Controllers have a responsibility to inform PII principles about their rights regarding the processing of their information. 

  • Determining Obligations: Controllers must document any information they may gather from PII principles and, following that, any information they must provide to those principles to detail the processing to take place and their rights in relation to their data. 
  • Providing Information to Principles: PII principals must receive or have clear access to, information identifying the controller (with contact information) and the types of processing taking place.
  • Withdrawal of Consent or Object: Controllers must provide principles with readily-accessible mechanisms to modify or withdraw their consent. These requests must be documented in the same manner as the consent was recorded.
  • Informing Third Parties: In cases where controllers have shared data with other organizations (such as processors), they must inform those partners in cases of any changes to provide information or when consent is withdrawn.
  • Providing Copies of Information: Controllers must provide records of any of their PII currently being processed when asked by PII principles. Procedures for handling these requests should be documented within the organization.
  • Automation: All of these obligations must be adjusted accordingly for automated PII processes.


Privacy by Design and Default

Not all IT systems are designed with security in mind, and there is a stark difference between those modified for compliance and those built for it. ISO 27701 requirements for processing PII prioritize systems and processes made under privacy principles by design and default.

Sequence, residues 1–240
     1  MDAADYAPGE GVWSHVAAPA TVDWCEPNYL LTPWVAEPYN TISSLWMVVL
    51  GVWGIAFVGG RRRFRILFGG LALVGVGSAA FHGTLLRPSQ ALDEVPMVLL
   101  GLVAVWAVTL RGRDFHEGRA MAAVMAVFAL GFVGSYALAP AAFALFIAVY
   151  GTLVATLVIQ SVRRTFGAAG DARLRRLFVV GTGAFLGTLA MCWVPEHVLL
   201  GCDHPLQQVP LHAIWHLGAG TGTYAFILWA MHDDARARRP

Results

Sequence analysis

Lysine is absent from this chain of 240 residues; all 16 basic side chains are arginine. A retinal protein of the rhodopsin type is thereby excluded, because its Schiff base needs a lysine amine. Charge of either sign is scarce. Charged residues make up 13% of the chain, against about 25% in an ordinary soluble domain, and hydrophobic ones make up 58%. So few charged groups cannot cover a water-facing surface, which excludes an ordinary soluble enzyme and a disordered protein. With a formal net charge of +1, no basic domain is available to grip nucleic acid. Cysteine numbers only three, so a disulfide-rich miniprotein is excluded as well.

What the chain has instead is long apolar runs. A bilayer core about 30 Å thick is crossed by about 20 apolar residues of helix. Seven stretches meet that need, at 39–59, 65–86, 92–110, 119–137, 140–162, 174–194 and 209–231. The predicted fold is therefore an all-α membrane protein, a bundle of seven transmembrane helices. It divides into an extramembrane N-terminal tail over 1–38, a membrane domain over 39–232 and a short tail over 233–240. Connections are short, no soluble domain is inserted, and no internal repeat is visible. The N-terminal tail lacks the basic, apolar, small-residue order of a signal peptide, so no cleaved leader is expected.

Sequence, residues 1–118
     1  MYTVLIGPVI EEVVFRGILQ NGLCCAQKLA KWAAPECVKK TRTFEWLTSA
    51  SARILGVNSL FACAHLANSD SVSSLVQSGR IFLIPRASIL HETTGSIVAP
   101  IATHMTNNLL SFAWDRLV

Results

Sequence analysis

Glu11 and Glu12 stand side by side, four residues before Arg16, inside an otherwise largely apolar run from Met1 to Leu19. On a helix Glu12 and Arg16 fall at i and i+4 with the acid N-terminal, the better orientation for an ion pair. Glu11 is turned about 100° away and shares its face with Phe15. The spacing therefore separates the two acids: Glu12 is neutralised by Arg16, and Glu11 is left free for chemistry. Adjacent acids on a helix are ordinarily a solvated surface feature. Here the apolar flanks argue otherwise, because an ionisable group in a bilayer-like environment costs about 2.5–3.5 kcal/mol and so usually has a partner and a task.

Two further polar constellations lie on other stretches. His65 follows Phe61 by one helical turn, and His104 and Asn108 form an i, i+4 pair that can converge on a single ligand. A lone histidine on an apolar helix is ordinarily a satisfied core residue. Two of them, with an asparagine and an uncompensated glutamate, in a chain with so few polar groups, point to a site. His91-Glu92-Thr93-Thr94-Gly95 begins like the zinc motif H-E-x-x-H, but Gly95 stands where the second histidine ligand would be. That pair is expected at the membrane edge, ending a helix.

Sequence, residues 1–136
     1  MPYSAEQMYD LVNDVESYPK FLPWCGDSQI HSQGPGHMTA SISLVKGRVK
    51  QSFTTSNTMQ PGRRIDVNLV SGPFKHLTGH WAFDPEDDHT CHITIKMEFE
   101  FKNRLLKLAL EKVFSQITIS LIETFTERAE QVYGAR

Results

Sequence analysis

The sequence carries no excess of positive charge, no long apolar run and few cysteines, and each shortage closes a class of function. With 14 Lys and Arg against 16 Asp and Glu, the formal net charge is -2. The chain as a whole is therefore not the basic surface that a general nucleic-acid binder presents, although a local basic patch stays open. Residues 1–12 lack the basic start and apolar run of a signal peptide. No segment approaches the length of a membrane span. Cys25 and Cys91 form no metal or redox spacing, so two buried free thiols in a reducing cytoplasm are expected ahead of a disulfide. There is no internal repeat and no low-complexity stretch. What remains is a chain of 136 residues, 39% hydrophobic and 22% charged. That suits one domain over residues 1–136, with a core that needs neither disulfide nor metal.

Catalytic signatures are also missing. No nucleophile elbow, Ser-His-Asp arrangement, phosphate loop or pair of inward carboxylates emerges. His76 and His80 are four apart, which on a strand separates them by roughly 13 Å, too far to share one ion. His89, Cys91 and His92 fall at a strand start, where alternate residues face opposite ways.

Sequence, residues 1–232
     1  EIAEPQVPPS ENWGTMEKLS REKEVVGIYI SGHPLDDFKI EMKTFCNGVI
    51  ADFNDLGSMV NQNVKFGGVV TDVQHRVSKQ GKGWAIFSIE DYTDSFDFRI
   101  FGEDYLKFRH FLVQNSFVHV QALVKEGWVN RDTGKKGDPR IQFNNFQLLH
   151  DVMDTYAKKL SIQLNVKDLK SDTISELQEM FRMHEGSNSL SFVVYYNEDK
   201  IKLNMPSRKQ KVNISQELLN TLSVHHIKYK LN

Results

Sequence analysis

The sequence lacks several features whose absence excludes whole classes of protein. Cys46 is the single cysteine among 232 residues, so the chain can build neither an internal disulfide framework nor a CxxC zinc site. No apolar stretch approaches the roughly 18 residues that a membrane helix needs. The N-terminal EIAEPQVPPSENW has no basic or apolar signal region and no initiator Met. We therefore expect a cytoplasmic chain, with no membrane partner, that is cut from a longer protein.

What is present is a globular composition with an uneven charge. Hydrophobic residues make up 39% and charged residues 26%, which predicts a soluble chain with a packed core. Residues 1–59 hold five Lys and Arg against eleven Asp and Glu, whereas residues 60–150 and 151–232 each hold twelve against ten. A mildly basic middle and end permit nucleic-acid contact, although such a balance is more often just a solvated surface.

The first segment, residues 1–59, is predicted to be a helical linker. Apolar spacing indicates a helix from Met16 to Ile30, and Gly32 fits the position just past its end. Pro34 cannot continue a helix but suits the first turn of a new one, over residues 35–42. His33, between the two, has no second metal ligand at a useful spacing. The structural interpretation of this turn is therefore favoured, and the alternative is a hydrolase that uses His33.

• Limit Collection: The controller must have limits in place for data collection such that it only aligns with identified business processes. There should be no optional data collection options made available to the principal that is enabled by default; rather, these must be disabled and specifically enabled by the principal (privacy by default). 
  • Limit Processing: The controller must have limits in place for data processing such that it only aligns with identified business processes.
  • Accuracy: Policies should be in place to ensure that principle PII is accurate, complete, and up-to-date. 
  • Minimization: System configurations, policies, and procedures must contain mechanisms that minimize data collection and processing only to that which is necessary for clearly-defined business purposes.
  • Deletion and Temporary Files: Once stated business purposes are completed, or PII is no longer necessary, then the controller must delete PII or render it to a form that prohibits the identification of principles. Temporary files created during the processing of PII must also be destroyed.
  • Retention: Controllers may not retain PII beyond its use within the defined purposes provided by the PII principle.
  • Disposal: Controllers must have policies in place to dispose of media that has stored PII, including shredding, burning, or hard drive destruction.

Transferring, Sharing, and Disclosing PII

Any sharing or transfer of PII must be recorded for audit purposes. Additionally, documentation must identify outside countries or international organizations where data may be transferred during processing.

Stay Ahead of Evolving ISO Requirements with Lazarus Alliance

The ISO 27701 standard is intended to help organizations already implementing their ISMS program adjust and refine for the challenges of regulations like GDPR and CCPA. While some of these refinements are relatively straightforward, it’s crucial to understand how those changes result in a unique PIMS infrastructure.

Are you looking to apply ISO 27701 standards to your organization? Contact Lazarus Alliance.